CAIRO, Sept 14, 2018 (MENA) - Coptic Orthodox Pope Tawadros II left here Thursday on his second pastoral visit to the US since becoming pope.
He is scheduled to visit Coptic parishes in the northern part of the US.
Pope Tawadros is accompanied by Bishop Domadious of Sixth of October and Osim parish, Anba Marcous of Hadayek el Qobba and Waili parish, the pope's secretaries Father Angelious Ishak and Father Amonious Adel and Bishop David of New York.
It will be the first visit by Pope Tawadros to the Papal headquarters in New York, Coptic Church Spokesman Father Boulos Ishak said.
The pope's first visit to the US was in 2015. He then visited the southern part of the US and attended celebrations marking the 20th anniversary of the consecration of the south US diocese.
LONDON, Sept 14, 2018 (News Wires) - Oil rose on Friday, clawing back some territory after prices fell by the most in a month in the previous session, as the focus returned to supply concerns ahead of a November deadline for U.S. sanctions on Iranian crude.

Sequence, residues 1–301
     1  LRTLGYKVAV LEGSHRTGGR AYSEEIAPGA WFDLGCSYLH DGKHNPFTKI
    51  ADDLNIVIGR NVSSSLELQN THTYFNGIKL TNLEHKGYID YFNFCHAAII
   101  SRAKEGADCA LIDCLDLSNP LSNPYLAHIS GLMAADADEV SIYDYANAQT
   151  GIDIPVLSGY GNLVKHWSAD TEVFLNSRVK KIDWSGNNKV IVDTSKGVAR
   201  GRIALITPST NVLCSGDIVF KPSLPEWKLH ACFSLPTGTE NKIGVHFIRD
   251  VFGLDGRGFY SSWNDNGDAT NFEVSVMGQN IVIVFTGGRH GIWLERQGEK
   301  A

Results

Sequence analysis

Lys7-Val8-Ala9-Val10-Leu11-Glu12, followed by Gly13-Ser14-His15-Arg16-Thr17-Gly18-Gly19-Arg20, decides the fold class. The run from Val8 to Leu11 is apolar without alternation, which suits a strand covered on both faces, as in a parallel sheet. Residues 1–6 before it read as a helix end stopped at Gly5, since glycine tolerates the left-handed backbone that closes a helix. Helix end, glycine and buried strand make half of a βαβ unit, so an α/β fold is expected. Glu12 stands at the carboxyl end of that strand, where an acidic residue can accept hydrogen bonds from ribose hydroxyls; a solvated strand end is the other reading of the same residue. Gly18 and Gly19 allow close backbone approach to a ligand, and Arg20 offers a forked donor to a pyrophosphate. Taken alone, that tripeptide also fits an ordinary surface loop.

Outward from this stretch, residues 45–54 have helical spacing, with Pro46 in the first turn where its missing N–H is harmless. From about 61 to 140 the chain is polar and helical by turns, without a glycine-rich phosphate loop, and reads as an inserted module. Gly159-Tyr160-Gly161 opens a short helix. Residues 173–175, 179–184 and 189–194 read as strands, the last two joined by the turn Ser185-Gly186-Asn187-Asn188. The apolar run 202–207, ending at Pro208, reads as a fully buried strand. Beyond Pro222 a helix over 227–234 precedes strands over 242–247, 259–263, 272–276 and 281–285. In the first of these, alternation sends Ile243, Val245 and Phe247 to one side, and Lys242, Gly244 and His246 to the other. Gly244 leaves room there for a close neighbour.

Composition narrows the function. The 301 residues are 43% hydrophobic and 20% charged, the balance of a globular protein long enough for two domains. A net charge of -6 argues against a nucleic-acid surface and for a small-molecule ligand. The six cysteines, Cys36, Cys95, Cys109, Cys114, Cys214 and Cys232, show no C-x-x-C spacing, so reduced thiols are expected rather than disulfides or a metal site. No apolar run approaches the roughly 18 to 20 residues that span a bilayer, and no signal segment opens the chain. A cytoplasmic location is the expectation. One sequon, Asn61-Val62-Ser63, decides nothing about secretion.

Brent crude was up 17 cents at $78.35 a barrel at 1044 GMT. The global benchmark fell 2 percent on Thursday after rising on Wednesday to its highest since May 22 at $80.13.
U.S. West Texas Intermediate (WTI) futures were up 27 cents at $68.86 a barrel after dropping 2.5 percent on Thursday.
Brent was set for a 2 percent weekly rise and WTI 1.7 percent.
Price rises were capped after U.S. Energy Secretary Rick Perry said Saudi Arabia, other members of OPEC and Russia were to be admired for trying to prevent a spike in global oil prices.